• hi Elaine ma`am i thought Sheldon comes under the remedy “phosphorus” as it covered the rubric ’emotions absent’ for which we have to see Intellectual and this is not covered by arsenicum. moreover phosphorus also covered the rubric learning difficult as he cannot get his driver`s license easily as he can`t learn form his friends too. he can`t select his socks or his towels for which he has to depend on penny or leonard. he is also very possessive as he cannot let anyone sit in his seat- he has to say: Thats my spot ! and selfishness covered that rubric.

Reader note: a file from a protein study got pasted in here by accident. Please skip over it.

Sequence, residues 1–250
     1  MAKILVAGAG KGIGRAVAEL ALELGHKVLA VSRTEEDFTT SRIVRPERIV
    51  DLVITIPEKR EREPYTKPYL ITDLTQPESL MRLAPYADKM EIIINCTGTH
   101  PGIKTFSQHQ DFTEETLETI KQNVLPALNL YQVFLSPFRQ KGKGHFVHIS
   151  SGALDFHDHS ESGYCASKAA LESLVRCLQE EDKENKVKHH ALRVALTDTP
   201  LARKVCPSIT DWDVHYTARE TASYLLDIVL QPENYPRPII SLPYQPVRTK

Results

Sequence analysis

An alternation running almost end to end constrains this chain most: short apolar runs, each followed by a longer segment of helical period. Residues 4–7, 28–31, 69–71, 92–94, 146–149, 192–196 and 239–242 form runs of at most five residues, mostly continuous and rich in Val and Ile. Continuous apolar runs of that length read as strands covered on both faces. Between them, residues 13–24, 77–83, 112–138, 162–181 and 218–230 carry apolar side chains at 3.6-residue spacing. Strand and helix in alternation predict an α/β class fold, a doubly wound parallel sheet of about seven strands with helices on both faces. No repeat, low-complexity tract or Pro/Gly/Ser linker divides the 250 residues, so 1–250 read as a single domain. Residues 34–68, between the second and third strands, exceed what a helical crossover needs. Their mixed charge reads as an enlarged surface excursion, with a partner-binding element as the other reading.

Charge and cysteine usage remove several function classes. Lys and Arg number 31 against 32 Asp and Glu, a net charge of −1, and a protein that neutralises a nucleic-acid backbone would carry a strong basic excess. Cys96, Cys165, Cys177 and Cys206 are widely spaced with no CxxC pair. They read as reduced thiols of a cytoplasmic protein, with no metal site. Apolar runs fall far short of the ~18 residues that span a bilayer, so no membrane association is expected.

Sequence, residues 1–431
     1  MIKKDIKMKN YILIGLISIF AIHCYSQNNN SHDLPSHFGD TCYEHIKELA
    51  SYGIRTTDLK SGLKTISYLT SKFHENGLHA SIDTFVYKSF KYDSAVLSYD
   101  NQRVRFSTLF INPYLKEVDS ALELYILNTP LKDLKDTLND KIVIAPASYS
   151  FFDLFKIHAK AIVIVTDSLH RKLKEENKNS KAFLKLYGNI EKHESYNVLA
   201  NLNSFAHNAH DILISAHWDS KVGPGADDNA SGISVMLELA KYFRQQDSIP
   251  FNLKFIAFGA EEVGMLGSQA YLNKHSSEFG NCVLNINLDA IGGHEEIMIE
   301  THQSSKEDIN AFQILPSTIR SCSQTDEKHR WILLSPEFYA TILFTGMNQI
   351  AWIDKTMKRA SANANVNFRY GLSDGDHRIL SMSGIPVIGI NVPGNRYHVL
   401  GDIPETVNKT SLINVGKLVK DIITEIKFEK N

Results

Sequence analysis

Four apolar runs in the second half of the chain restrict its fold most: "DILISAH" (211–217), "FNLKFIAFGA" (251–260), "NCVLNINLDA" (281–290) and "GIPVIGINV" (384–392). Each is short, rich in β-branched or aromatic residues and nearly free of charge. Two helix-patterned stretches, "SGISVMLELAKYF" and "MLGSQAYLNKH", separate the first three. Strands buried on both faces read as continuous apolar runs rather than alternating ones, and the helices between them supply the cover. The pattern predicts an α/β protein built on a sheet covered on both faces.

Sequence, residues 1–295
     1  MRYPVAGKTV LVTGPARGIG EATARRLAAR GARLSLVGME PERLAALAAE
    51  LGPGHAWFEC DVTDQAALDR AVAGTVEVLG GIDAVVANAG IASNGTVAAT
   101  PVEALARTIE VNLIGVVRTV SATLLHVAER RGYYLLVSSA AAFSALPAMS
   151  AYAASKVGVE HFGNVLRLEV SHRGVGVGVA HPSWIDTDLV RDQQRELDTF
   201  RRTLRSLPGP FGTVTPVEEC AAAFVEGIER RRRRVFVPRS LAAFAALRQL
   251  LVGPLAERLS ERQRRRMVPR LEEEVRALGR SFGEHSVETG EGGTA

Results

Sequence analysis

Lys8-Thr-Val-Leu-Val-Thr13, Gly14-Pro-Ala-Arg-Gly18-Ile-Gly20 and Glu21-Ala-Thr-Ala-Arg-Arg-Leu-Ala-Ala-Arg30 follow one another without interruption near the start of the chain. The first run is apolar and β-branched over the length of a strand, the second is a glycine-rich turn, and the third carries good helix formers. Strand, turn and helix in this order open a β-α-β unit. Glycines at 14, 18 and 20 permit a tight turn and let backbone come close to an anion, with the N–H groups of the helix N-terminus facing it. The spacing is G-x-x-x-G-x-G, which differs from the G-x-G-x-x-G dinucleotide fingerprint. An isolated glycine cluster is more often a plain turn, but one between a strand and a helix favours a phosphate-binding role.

• Sai, Arsenicum is very selfish. But the reason no one can sit in Sheldon’s seat and the reason he’s unemotional, etc. is because he’s on the autistic spectrum. These people are famous for not being able to relate to others emotionally, they’re unsympathetic, they don’t learn the way the rest of us learn, they’re very rigid and regimented–everything has to be the same; hence, the same seat all the time; so, you can’t use any of these rubrics or symptoms to find his remedy because they’re symptoms of the diagnosis, not symptoms of Sheldon, the person, separate from the “disease”. For example, if we’re trying to find the remedy for a hyperactive child, we can’t use rubrics like “restless” or “distracted easily” because they’re all like that! We have to separate out the common symptoms of the disease. Another example, a person has the flu. We’re not going to repertorize “headache” or “fever” because they all have that! Everyone with the flu has that. So this is why in Sheldon’s case, we have to put aside all his symptoms of autism or “Asperger’s Syndrome” and see what we’re left with. Meanwhile, I think you have missed the essence of Phosphorus. They make very good connection with people, very friendly, charming, accomodating. However, with a polychrest like Phosphorus, you can undoubtedly find this remedy in almost any rubric, meaning you could conceivably concoct your own version of him based on all the rubrics where Phosphorus turns up as a 1 instead of a 3. This will surely not help you recognize a Phosphorus in real life. Phosphorus would not be arguing with the lady from the Department of Motor Vehicles, he would be charming to her and she would decide to stamp his card just based on his engaging smile and adoring eyes. That would be Phosphorus. If Phosphorus is in the “learning, difficult” rubric, it’s because they do have trouble focusing, often find themselves day-dreaming. This is not Sheldon’s problem. Sheldon is not a physical person, he lives in his head. He’s probably physically awkward, as a lot of autistics are; this would make learning to drive difficult for him.